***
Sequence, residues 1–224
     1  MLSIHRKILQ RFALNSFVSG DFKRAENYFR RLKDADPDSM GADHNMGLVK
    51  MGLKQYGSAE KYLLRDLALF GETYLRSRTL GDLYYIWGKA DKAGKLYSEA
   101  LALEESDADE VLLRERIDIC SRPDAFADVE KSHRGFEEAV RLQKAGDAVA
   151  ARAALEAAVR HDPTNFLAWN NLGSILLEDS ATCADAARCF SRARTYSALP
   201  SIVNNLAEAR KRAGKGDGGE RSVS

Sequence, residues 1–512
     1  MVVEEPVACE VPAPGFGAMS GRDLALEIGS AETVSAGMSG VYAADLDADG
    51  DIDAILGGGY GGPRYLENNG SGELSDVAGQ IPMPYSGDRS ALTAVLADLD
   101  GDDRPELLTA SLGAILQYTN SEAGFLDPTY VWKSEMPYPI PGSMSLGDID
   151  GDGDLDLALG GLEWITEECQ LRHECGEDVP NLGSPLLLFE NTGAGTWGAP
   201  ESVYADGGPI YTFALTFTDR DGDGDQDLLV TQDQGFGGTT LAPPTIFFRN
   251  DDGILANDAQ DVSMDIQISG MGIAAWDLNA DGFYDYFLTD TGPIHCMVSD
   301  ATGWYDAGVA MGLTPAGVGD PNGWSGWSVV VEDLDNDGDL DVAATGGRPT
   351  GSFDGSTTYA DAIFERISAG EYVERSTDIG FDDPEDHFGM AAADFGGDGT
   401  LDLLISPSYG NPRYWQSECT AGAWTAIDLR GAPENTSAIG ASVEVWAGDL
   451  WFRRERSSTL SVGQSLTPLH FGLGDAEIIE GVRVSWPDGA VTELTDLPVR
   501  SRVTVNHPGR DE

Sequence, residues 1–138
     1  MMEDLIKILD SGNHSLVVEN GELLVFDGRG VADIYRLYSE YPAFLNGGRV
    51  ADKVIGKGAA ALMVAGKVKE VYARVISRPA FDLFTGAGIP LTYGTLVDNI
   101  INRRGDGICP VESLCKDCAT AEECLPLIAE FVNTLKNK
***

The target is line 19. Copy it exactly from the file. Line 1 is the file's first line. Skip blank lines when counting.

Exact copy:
Sequence, residues 1–138